At pretty much any setting, the Delay Lay Lay just exudes quality to the point that it would be perfect for recording as well as being used live. It’s that good. Sure, it’s not going to give you quite the versatility of a digital pedal, but you turn it on and just know that it’s a proper old school, high-quality analog pedal.
And we have to admit that the Delay Lay Lay’s superb packaging and presentation have helped it hit our top spot too. From the moment you open the box it looks and feels cool, which really helps to make you feel like you’ve made a really good decision. Well done Deadbeat. What an awesome pedal.
Premium Choice - MXR M169 Carbon Copy Analog
The title of premium choice was a straight fight between the MXR Carbon Copy and the Boss DD-7. It wasn’t easy picking between the two of them given that they’re at a very similar price point and are pretty different units, but in the end, we’ve gone for the analog Carbon Copy.
Why? We think it just has so much character to it. The sounds that it produced feel pretty much unbeatable, and while it might not be as versatile as the DD-7, the Carbon Copy does just feel more special. That’s not to say it’s limited, however - the knobs give plenty of customization for the vast majority of sounds you might want to make.
The chassis is also probably the best of all the pedals on our list. It looks really really nice with the green metallic paint, but what stands out is the fact that everything about it feels high quality. The knobs and switches are tactile and robust, and you really get the feeling that this is a pedal that you could keep for decades.
Great Value - Caline Electric - B01LEZW304
And our great value pick is a true bypass analog pedal too. But you could have half a dozen of these for the same price as the Carbon Copy. The Caline Blue Ocean is ridiculously cheap and should be the first pedal that anyone considers if they’re on a tight budget or aren’t really sure if a delay pedal is right for them.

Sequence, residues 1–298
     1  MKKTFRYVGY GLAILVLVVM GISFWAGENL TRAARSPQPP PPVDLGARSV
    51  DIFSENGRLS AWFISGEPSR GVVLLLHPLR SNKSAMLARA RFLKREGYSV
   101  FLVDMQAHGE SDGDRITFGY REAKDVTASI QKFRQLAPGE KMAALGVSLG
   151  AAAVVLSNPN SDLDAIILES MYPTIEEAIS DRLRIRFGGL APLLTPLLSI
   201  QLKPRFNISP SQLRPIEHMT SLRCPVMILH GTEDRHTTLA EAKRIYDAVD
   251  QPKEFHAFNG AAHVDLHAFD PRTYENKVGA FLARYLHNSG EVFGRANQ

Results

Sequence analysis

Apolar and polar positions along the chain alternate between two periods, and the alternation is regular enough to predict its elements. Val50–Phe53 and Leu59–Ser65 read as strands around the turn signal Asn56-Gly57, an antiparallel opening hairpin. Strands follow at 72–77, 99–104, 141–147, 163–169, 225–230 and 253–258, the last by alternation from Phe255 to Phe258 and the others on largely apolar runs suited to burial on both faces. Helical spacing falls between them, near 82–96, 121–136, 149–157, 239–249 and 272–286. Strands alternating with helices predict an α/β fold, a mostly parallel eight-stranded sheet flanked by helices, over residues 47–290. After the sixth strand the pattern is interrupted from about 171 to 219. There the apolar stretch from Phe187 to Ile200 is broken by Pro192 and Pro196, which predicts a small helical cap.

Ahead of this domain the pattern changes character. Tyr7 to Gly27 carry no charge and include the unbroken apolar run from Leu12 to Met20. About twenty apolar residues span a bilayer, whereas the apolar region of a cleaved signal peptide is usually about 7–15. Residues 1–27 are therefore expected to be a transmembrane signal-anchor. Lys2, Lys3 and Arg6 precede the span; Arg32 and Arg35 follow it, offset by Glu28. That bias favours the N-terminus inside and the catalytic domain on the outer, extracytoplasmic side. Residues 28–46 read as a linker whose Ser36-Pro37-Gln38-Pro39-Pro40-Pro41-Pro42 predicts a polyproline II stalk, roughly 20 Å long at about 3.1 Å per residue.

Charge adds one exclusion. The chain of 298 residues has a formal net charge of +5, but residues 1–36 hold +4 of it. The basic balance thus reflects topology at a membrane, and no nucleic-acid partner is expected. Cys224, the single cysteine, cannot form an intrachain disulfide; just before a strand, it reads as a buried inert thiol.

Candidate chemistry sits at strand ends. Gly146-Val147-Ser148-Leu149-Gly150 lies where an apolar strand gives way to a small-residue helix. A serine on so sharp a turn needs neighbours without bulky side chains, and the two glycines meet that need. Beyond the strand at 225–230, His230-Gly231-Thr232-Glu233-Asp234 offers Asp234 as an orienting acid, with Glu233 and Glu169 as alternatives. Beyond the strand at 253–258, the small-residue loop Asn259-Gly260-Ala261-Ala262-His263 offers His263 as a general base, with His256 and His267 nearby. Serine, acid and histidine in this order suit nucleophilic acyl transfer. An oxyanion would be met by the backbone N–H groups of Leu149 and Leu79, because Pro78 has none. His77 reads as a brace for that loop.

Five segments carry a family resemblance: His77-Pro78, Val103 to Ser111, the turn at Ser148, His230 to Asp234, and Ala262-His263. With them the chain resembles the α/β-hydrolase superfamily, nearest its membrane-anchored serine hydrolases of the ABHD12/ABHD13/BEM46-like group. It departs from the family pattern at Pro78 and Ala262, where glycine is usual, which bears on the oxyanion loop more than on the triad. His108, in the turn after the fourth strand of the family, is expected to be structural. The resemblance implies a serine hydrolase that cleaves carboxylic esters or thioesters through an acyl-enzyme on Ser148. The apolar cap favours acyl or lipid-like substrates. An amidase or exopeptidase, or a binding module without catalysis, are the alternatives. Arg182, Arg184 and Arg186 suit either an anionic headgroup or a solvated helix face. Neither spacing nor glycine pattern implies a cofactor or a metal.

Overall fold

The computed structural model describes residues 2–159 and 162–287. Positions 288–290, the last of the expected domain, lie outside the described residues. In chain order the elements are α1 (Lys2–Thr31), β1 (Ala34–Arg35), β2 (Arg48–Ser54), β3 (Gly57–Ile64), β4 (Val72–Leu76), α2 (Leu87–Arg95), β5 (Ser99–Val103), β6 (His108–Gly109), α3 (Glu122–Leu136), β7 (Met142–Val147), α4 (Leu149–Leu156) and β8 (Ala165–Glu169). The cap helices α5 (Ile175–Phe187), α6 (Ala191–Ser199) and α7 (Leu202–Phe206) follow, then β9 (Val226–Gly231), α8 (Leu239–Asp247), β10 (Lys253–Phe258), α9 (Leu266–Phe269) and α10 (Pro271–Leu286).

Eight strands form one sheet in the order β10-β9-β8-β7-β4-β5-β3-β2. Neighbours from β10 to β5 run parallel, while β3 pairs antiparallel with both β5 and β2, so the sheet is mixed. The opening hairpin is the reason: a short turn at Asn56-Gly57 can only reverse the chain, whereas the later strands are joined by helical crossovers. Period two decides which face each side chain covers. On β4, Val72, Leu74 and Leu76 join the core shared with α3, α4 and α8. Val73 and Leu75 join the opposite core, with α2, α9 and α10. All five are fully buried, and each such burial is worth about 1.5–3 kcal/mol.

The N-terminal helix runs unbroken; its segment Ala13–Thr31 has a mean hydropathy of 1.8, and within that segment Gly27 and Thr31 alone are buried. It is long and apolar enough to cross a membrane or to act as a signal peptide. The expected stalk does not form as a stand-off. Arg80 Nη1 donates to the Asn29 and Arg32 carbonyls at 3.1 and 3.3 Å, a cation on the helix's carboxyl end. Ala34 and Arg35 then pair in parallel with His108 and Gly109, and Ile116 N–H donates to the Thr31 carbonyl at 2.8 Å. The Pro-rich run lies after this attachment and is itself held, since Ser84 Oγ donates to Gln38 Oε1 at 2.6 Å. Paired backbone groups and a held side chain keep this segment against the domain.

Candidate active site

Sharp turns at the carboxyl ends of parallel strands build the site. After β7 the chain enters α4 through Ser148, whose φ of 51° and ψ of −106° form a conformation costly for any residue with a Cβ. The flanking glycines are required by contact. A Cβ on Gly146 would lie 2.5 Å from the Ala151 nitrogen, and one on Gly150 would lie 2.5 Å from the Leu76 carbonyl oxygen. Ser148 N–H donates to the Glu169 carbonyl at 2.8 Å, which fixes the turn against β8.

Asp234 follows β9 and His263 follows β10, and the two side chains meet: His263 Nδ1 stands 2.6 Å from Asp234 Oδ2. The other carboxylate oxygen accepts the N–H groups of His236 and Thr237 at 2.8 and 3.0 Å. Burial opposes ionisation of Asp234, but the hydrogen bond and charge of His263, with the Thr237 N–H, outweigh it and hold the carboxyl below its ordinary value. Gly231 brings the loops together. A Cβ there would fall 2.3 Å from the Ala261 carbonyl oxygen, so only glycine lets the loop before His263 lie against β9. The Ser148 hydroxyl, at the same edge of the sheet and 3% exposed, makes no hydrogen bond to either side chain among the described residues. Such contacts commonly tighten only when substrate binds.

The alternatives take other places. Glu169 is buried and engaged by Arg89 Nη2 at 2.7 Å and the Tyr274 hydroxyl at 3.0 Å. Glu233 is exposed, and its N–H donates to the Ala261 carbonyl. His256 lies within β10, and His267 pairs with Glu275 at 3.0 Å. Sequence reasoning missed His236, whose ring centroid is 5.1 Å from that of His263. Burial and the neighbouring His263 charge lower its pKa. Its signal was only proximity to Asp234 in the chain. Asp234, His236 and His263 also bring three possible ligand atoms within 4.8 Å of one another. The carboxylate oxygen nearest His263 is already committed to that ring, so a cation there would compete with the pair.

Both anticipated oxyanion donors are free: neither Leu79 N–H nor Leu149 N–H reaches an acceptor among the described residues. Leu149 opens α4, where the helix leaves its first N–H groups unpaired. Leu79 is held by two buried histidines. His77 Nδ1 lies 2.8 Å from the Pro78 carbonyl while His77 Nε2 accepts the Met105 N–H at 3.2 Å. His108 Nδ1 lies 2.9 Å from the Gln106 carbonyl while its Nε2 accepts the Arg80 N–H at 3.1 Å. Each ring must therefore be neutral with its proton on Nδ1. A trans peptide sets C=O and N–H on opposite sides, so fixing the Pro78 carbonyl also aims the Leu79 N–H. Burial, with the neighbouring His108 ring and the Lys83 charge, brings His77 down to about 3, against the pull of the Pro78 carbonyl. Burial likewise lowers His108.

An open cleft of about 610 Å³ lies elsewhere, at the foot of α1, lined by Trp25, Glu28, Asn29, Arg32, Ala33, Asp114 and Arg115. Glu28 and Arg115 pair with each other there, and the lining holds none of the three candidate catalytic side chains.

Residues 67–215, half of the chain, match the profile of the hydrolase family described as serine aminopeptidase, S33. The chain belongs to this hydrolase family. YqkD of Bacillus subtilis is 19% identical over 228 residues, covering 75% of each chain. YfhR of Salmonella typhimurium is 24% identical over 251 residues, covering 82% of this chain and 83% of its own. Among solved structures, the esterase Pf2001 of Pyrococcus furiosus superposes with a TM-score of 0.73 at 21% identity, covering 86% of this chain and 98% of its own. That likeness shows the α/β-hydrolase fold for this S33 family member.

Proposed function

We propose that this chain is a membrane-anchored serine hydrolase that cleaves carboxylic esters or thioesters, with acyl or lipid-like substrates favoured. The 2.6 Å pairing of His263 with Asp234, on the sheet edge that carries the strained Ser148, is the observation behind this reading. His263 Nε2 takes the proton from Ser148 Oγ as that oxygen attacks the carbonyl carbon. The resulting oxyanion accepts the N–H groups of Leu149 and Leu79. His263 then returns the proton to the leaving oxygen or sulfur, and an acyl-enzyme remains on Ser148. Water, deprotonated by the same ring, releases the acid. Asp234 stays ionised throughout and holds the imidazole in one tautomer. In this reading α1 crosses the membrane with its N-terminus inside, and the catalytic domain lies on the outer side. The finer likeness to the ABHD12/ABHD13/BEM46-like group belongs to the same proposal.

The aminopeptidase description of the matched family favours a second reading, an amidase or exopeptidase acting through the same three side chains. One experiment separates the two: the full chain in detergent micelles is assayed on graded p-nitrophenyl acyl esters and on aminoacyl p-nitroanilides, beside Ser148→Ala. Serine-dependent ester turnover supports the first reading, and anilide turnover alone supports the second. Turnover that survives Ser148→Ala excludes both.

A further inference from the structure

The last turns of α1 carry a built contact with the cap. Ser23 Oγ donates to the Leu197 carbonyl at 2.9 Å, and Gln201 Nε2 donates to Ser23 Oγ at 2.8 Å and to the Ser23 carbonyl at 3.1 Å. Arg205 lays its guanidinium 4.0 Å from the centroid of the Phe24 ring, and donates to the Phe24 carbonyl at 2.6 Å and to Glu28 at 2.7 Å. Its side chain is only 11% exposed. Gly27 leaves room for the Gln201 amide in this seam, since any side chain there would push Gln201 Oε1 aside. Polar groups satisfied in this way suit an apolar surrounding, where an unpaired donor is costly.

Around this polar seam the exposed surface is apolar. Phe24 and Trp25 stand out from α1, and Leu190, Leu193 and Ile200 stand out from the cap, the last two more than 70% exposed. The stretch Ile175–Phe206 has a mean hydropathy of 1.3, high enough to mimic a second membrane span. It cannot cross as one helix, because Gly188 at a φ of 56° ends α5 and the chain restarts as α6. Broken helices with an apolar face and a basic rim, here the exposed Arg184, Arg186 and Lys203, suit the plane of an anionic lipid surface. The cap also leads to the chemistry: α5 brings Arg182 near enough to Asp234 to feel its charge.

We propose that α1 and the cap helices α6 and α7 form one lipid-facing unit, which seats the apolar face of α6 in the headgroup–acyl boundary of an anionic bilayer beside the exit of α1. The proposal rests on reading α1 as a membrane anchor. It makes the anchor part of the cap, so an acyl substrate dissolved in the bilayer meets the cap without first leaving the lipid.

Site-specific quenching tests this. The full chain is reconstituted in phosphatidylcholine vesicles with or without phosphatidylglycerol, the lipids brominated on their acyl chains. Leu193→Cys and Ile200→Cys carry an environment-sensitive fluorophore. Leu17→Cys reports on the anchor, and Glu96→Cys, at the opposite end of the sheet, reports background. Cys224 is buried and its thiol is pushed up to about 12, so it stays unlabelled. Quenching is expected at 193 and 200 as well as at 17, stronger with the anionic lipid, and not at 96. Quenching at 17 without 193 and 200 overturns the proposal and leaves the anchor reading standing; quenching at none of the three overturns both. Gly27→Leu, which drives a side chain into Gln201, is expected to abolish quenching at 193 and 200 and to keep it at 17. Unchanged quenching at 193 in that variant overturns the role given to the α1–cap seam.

The Blue Ocean sounds good - it has that nice analog sound to it that you’d look for in a pedal like this, and does an impressive job of keeping your tone pretty much the same throughout. The bypass works perfectly too, and all of the knobs do adjust in a linear fashion, making it easy to use.
Sure, the built quality isn’t the highest, but realistically you’re not buying something at this price to take on stage with you. For jamming at home, this thing is perfect. There is a lot of budget option out there, but none are quite as good as this one.
So whatever your budget, and whatever type of pedal you’re looking for, we’re sure to have put one on our list that will deliver for you. 11 excellent pedals that you can’t really go wrong with, ranging from super premium digital (click for the study on digital effects processing) units, to old school analog metal. Check each one out, and then find then add the finishing touch to your effects chain. Delay is not only for Guitars, but is also used in Piano playing - click here for the study.
Digital Audio Effects can become confusing to understand, but we were helped along with the help of this study here.